I am white, I am a Latina, I am a Jew. It is not my place to speak on behalf of Black people, but it is my place as an ally, as an educator, and as someone with 400+ followers in this platform to tell you to get educated, to read Black authors, to follow Black people, to support them and to be vocal about your support. I am and will continue to be doing these things. If you can’t or don’t feel like protesting, donate, get informed. This is not a matter of not being racist, this is a matter of being anti-racist, and now more than ever, silence is compliance towards the oppressors.

I will share links below of ways you can help, and please, in the comments below, share any that you deem useful. I will be updating this post as I get more information. I followed the first link and donated to Communities Against Police Brutality. Needless to say, you can unfollow if this makes you feel “uncomfortable.”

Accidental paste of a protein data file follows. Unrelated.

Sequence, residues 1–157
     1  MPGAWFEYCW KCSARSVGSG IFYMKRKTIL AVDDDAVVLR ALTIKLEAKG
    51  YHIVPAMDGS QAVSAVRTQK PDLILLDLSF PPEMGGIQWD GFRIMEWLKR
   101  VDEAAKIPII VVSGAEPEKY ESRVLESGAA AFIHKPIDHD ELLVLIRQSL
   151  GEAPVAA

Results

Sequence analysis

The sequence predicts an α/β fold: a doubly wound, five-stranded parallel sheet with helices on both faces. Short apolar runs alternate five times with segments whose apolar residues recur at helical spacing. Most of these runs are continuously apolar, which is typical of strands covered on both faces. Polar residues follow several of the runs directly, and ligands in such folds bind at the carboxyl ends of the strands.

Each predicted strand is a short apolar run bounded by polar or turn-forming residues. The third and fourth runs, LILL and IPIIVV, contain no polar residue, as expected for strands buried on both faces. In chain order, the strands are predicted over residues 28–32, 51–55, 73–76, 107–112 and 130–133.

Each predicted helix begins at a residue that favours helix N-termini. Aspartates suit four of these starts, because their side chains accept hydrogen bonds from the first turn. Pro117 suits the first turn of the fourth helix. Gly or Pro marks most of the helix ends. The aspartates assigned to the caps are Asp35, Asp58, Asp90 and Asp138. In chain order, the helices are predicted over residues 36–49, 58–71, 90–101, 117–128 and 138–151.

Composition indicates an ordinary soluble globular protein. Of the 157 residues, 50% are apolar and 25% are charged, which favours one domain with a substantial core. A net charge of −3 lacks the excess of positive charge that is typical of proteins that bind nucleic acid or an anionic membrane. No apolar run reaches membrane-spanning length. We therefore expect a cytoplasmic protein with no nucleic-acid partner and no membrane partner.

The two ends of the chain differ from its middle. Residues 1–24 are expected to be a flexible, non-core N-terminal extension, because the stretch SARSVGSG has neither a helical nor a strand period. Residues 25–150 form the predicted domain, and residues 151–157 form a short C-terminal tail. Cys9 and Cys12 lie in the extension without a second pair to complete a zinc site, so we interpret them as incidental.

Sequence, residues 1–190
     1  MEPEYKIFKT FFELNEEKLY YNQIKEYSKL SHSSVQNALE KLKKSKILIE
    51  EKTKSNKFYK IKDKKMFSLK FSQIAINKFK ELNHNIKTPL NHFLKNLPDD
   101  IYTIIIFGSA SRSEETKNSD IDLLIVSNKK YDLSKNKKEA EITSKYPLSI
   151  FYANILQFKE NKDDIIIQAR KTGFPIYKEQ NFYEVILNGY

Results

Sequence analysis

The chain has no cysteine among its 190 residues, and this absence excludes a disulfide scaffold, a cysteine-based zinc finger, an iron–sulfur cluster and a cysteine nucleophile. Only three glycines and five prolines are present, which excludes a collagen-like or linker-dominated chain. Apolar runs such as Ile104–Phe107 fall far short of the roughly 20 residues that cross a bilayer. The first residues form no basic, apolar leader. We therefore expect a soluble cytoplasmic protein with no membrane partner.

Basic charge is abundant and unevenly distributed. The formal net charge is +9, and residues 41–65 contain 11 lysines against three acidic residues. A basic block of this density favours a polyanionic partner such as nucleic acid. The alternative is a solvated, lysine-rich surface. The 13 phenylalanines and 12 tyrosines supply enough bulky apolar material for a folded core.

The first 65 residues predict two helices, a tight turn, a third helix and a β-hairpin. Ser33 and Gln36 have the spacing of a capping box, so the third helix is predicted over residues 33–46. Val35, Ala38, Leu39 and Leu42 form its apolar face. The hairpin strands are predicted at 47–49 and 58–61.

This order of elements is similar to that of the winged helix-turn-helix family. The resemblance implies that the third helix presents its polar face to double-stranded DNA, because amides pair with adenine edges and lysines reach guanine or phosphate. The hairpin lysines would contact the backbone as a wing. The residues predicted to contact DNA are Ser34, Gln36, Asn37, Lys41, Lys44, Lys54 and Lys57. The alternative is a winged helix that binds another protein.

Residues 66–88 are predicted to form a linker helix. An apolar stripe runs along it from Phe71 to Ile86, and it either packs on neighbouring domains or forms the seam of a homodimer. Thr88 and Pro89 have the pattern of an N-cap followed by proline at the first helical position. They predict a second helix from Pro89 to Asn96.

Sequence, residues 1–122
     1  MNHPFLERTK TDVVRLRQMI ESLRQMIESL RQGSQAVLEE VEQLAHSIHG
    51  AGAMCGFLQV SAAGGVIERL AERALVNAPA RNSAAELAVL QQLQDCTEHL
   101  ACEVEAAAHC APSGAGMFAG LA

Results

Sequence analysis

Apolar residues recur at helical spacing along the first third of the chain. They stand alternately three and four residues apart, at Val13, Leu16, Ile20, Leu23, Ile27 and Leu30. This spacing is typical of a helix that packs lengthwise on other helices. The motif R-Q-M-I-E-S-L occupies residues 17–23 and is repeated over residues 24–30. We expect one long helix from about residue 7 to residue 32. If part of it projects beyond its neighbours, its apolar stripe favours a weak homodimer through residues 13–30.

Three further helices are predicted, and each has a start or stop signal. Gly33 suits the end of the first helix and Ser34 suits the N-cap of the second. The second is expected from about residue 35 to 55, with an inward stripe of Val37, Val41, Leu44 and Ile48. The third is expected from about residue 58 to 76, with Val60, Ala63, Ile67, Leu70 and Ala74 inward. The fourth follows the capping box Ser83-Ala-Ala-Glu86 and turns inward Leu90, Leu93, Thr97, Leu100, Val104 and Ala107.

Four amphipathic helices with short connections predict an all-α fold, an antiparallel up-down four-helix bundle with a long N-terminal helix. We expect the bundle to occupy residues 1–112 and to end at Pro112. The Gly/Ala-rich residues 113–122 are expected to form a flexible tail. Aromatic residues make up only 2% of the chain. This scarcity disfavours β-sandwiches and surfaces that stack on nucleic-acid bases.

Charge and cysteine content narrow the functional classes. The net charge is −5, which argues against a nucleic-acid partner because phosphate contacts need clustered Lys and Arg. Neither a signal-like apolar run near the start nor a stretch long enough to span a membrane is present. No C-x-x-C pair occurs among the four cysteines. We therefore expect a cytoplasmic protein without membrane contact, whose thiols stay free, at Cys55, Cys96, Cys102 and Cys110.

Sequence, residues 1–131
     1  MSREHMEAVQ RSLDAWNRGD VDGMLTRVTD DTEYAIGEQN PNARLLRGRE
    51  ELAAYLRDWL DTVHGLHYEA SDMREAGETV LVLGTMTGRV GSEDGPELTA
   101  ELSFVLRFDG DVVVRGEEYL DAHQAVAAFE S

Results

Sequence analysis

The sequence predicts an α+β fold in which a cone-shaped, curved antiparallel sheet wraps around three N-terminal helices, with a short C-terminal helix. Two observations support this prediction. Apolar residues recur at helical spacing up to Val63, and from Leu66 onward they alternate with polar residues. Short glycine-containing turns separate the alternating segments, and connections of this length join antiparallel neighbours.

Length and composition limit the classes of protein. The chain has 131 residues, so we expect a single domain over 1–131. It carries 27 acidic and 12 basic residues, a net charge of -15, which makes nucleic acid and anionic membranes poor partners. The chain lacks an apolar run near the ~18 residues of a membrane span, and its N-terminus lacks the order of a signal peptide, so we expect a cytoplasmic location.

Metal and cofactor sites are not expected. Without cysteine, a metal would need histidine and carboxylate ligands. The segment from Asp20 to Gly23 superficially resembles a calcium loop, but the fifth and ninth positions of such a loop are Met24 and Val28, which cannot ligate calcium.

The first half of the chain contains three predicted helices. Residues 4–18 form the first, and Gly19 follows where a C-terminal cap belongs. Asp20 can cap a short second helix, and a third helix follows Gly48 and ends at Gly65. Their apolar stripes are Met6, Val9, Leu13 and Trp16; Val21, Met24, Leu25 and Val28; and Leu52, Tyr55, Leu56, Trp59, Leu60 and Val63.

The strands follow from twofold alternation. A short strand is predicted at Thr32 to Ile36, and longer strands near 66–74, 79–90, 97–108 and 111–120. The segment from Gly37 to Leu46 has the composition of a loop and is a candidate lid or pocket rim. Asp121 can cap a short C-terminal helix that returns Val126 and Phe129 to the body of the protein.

Read Audibly



Watch (on Netflix)

2019 Pride Makeup

2019 Pride Makeup

Hello, happy Monday and happy Pride month! If you know me, then you know I don’t really follow social rules or cues when it comes to my makeup. I do whatever I want whenever I want. That being said, there are some special dates when I go literally all out (pun intended) and create these extravagant, whimsical makeup looks. For a while now, I have put a lot of thought on my makeup for Pride, even if I don’t go out for the parades. Just wearing the makeup is an experience in and of itself. These are the steps I followed to achieve the look:



  1. Primer
  2. Concealer
  3. Stick contour
  4. Foundation
  5. Powder
  6. Eyebrows
  7. From the Proceed With Caution palette: Warning (outer corner) and Caution (Inner corner)
  8. From the Good Sport palette: Sista (lower lash line)
  9. From the Tetris Block Party palette: Line Clear (lower lash line)